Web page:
Saturday, January 20, 2007

Rookie Impacts

In a year in which the Texans have the frontrunner for Defensive Rookie of the Year (DeMeco Ryans) and it’s not their first overall pick, its not surprising that this weekend’s final four all have one thing in common: rookies have played an integral part in their success. In the NFL it’s certainly been the year of the rookie, five of which will still be playing and likely making significant contributions on Sunday.

Of the four finalists, the NFC Championship game features the two teams that have perhaps benefited most from their rookies.

The 13-3 Bears won games because of their stellar defense, a unit that often had to compensate for the much-publicized struggles of Rex Grossman, and because of Devin Hester. He won two games on his own (Arizona, St. Louis) and sparked the comeback against the Giants with his record setting 108-yard field goal return. His effect on games has evolved to the point that last week the Seahawks squib-kicked almost all of their kickoffs, forfeiting the 30 yard line instead of tempting Hester with the end zone.

As for the Saints, Sean Payton has been able to construct the most eclectic offensive schemes in the NFL in large part because of the diverse talents of Reggie Bush and Marques Colston. Colston, at first just a complement to Joe Horn and Devery Henderson (how much could be expected from a 7th-rounder?), has emerged as the Saints best receiver. Bush’s gifts (speed, patience, vision, unbelievable cutting ability) are well documented and after a slow start he’s now consistently showing flashes of the brilliance we all saw at USC and on the YouTube high school highlight tape. But what has made him particularly valuable is that his skill set is such a perfect accompaniment to what Deuce McAllister can do. Payton has exploited these complementary parts to create innovative and oft-changing offensive sets, often playing the two backs simultaneously, sometimes both in the backfield, other times with Bush split wide.

While the Pats and Colts have relied less on their respective rookies, the AFC game has a second layer of rookie-focus within it beyond a personal measured impact.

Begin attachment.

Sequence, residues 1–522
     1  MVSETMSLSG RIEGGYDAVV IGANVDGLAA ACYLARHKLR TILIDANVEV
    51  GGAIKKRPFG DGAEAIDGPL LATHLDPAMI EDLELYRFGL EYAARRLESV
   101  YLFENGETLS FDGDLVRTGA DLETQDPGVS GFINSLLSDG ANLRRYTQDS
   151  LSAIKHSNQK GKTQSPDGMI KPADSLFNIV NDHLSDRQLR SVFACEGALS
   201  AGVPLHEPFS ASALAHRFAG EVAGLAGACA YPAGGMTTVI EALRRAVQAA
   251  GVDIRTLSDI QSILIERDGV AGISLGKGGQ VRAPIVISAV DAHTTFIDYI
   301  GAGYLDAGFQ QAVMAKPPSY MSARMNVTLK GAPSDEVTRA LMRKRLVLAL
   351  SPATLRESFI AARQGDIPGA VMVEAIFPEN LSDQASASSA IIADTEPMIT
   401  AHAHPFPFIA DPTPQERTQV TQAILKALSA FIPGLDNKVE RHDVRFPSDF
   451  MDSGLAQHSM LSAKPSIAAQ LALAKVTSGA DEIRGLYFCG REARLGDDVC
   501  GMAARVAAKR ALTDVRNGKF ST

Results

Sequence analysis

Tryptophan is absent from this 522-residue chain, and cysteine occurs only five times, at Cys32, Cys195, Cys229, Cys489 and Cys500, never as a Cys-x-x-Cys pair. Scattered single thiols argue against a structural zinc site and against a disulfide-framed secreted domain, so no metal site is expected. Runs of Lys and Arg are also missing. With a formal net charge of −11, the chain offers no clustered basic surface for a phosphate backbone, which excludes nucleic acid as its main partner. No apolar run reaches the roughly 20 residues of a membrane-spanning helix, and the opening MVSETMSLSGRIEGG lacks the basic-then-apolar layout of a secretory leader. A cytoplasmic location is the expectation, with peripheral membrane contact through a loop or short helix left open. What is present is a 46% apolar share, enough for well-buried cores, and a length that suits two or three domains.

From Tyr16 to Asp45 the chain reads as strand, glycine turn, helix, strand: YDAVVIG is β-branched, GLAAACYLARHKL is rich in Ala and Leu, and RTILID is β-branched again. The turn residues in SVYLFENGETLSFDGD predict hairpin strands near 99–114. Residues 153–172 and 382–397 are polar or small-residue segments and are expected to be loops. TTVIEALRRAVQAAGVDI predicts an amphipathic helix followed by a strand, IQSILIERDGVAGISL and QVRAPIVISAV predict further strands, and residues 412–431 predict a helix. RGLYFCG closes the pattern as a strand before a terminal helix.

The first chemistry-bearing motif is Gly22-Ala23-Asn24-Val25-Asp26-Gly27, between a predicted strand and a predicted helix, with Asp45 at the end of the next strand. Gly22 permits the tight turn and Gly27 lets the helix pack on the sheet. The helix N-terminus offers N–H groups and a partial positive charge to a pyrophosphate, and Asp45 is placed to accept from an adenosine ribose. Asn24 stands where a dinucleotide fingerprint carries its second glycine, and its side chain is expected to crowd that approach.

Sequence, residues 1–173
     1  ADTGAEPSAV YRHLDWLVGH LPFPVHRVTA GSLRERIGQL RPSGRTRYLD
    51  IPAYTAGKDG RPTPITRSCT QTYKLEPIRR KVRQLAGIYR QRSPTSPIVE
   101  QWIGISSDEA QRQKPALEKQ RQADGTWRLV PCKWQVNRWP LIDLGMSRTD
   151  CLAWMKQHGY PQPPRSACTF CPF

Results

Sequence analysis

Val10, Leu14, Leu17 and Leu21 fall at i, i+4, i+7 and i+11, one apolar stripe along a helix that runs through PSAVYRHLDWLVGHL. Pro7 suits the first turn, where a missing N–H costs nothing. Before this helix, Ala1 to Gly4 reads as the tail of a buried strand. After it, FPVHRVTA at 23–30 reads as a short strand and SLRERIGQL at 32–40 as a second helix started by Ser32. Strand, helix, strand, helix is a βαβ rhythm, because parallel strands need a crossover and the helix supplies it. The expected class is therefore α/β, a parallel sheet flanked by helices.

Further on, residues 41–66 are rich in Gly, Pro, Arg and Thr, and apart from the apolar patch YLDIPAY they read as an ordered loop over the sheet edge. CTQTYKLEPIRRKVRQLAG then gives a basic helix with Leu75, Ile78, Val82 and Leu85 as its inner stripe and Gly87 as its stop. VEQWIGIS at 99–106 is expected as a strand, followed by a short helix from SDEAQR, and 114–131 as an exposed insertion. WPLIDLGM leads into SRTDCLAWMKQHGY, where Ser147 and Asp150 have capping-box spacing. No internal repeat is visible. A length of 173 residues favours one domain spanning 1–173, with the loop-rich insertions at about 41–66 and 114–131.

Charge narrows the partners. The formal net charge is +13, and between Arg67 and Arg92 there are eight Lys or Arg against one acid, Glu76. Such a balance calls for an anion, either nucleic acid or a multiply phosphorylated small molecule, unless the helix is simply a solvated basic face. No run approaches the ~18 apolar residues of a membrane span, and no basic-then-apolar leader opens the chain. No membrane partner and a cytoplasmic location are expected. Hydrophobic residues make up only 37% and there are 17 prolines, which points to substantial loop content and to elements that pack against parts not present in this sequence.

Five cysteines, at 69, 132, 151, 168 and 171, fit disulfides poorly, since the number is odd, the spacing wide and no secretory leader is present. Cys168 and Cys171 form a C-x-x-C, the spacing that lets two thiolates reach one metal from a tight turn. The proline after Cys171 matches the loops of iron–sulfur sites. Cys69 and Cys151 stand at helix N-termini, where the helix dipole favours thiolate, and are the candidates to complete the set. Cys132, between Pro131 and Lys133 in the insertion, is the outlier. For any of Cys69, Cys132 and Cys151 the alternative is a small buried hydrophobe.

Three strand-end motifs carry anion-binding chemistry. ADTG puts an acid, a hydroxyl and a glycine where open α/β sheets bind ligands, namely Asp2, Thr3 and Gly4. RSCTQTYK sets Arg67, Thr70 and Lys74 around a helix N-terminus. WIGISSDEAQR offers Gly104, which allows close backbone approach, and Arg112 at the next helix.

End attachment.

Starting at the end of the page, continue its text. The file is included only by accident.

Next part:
The widely held belief is that back in April the Colts had targeted Laurence Maroney with their first round pick, only to watch the Pats trade up and snag him, and then had to settle for Joseph Addai. Addai has been no slouch (1,081 yards, a 4.8 avg., and 8 TDs), but the glut of first-year awesomeness and the year long disrespect of the Indy running game has left Addai and his rookie-leading rushing yards in the shadows of Vince Young, Maurice Jones-Drew, and even Maroney.

So what about Maroney? Has he just been coasting on reputation and plays that make Sportcenter more often than Addai’s? He’s played fewer games than any of these guys, missing two due to a back injury, but his impact can’t be understated. In a year in which the Pats offense had a sudden dearth of offensive weapons and lacked a home-run threat, Maroney was just that. It isn’t that he just took the pressure and additional pounding off of Dillon, but he also added that extra kick of power and speed too.

None of these guys will win Offensive Rookie of the Year, because that will probably go to Vince Young, as the QB position will likely be the trump card. Even without Young, the above five candidates would have plenty of competition from the deepest rookie class in recent memory: D’Brickashaw Ferguson, Nick Mangold, Marcus McNeill, Jones-Drew, Leinart.

But one of these standouts will get themselves a Super Bowl ring. So let’s think of things within that context, how these rookies will impact Sunday’s games.

At the pace Bush and Hester have been going I’m expecting one “wow!” play from each. Bush now understands when he can afford to dance around and when to run straight ahead. Hester hasn’t had a TD in more than a month and had one called back last week. It feels like he’s due. Of course both of these things can be mitigated respectively by the Chicago defense (since Bush turned the corner only Washington’s D has stopped him) and Hester’s penchant for nervous muffs (how come no one mentions this?).

The best thing about this match-up is that it’s strength vs. strength, the Saints’ O vs. Bears’ D, and while Bush and Colston are part of their team’s strength, Hester can be the tie-breaker. Do I have a little hometown bias? Yes. In the end, it’s too tough to pick against the Bears at home in the winter time, global warming or not.

The rooks in the AFC game are a smaller part of the big picture, only because of the recent playoff history between these two teams. But it could still be a showcase to confirm or disconfirm popular perception about the two backs. Both the game and the RB battle will come down to this question: Have the Colts actually been stopping the run or have they been playing against inept offenses? For all of the attention focused on Manning and Brady, their performances will be a function of the successes or failures of their respective team’s rushing attack.

The return of Bob Sanders from a knee injury has widely been touted as the key to Indianapolis’ defensive surge. However, he was in Foxboro on November 5th making 11 tackles. In that regular season meeting Addai stumbled to a 2.4 avg. compared to Maroney’s 4.8. The Colts ran for 53 yards to the Patriots’ 148. Once you discount the Sanders factor, there’s little reason to expect a difference this time around.

The Pats lost that game because of Brady’s four interceptions. Brady has never had more than two 3+ interception games in one season (playoffs included). That second game came last week against the Chargers. I’m taking Maroney over Addai, Brady over Manning, and a rematch of Super Bowl XX.

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